shopping sustainably: materials

by Erin Pouba 3 months ago in shopping

what should my tag say?

shopping sustainably: materials

we all wear clothes and we are all guilty of forgetting or ignoring our relationship with the environment. as a few reminders, your average cotton t-shirt takes 2,700 liters of water. that is about 713 gallons. for reference, the average american drinks only 58 gallons of water in one year.

why does this matter? the water that is used to grow the cotton and manufacture the shirt does not disappear. the main issues involved are that the water requires energy (most often fossil fuels) for transportation as well as for cleaning, which is not always up to par before the water is returned to the environment and communities. we haven't even discussed the dying process and pollution related to that, or the air pollution of carbon emissions or the wages far below living wage all over the world.

my goal is to share my knowledge and research with others in order to create a resource that people can come back to. for today, we can start talking about materials and how to choose what products are actually more sustainable. on a basic level, natural materials (fabrics made from plants) such as cotton, flax, hemp, and wool, are biodegradable. biodegradable is more valuable than compostable because many products labeled as compostable need an industrial facility, and would not break down in your backyard. don't get me wrong, industrial composting is still very helpful to society and the environment, as long as the materials make it to the facility. Another detail to pay attention to is that organic natural materials and dyes are beneficial as they will not be leaching toxic chemicals into the ground while they biodegrade or compost.

another common misconception to note is that bamboo is an amazing find for the fashion industry. bamboo grows quickly and does not require a lot of water, but the bamboo fabric is only eco-friendly if it is linen-like. by this, i mean the material has a more coarse feel and looks more like the image below:

the soft bamboo materials that have gained attention require a lot of harsh chemicals to break down the plant, while the bamboo linen is broken down mechanically instead.

what about manufactured materials? polyester, nylon, acrylic, and all fabrics that you won't not find from nature come from chemicals, oil, and plastics. on top of that, when washed and thrown away, these fabrics create microplastic pollution which creates environmental issues such as the Great Garbage Patch. (if you don't know what that is, click the link below)

so why are manufactured materials created and used? the industry has found that these materials last longer (because they almost last forever and never biodegrade) and have many characteristics that natural fabrics don't such as abrasion/pill resistance, antibacterial properties and softer hand feel. that all sounds nice; who wants to wear itchy clothes that attract moths?

while you may be thinking that i just ruled out every material, don't worry. you still have a lot of options! i would recommend searching for:

  • organic materials
  • natural/organic dyes
  • blends of natural fibers
  • 100 percents
  • recycled materials
  • deadstock
  • pre-loved

we talked about how cotton takes a lot of water to make your t-shirt, but organic cotton, for example, requires less water and no chemicals. with less chemicals, there is less pollution into waterways, less harm to workers and animals, etc. natural and organic dyes are beneficial to the environment and humans in the same way.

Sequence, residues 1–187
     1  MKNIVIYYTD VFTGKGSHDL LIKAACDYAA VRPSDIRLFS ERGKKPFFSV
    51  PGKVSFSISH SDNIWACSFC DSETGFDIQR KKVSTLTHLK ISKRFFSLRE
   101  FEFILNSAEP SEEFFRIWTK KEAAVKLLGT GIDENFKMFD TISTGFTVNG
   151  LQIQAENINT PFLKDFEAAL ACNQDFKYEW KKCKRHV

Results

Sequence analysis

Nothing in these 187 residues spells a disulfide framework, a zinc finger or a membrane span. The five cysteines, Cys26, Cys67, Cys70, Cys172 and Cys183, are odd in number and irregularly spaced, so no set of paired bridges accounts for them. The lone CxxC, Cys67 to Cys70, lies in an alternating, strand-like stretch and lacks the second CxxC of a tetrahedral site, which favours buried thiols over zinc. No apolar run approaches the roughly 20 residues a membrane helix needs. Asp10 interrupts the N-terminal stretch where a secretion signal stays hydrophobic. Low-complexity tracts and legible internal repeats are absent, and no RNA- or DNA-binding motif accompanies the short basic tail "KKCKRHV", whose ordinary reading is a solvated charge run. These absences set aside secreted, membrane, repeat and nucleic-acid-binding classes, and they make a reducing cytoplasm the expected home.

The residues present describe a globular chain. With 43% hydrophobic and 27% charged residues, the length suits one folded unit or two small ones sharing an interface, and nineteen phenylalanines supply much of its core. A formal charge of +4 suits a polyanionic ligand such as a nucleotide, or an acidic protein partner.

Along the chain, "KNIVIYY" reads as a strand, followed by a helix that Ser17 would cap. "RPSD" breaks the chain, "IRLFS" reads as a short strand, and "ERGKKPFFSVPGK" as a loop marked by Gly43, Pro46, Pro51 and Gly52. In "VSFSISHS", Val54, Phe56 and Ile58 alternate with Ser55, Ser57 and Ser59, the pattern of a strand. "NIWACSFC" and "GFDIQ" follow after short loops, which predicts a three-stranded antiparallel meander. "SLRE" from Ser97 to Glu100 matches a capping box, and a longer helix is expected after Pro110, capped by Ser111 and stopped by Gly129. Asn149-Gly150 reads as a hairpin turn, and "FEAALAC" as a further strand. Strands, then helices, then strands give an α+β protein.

blends in the fashion industry are a way to use the preferable characteristics of multiple fibers in one product/material. you often see cotton mixed with polyester. blends of natural fibers ensures that the whole product is biodegradable. on the other hand, blends of manufactured and natural fibers within the same fabric is not as eco-friendly because it makes it difficult to recycle. by searching for 100 percents (100% recycled polyester or 100% organic cotton), the manufacturers don't have to separate materials before reusing them.

recycled materials are my new hope for the industry. instead of creating more waste, they are using the waste we have already created that is all over the globe. the waste includes anything from fishing nets that were left in the ocean to a pair of jeans that someone threw away.

deadstock fabric is a similar concept. deadstock fabric is fabric that is leftover after a company has produced all the products it intended to use the material for. instead of throwing the extra fabric away, other people can buy it from them for a discounted price. you save money and the environment! you can find deadstock fabrics online or there are some warehouses dedicated to deadstock. for example, Queen of Raw offers a large variety of fabrics as well as scrap packs.

https://www.queenofraw.com/source-materials/fashion/scrap-packs.html?gclid=EAIaIQobChMIobDmksOY6gIVFh6tBh3JKAF3EAAYASABEgJmrfD_BwE

finally, preloved. continue thrifting, closet swapping, sharing, rewearing, fixing and redesigning your old clothes. thrifting in stores is your best option since it eliminates transportation and packaging, but online thrift stores are available too. there are many thrifting pages on Instagram or you can search on Depop, Mercari, ThredUp, Etsy, and more. thrifting both in person and online is an accessible and more affordable way to shop and it adds some spice to your wardrobe with more original finds! follow me on instagram @emp.fashion for more eco-brands and pages or check out https://empfashion.com for some sustainable options.

thanks!

erin

shopping
Erin Pouba
Erin Pouba
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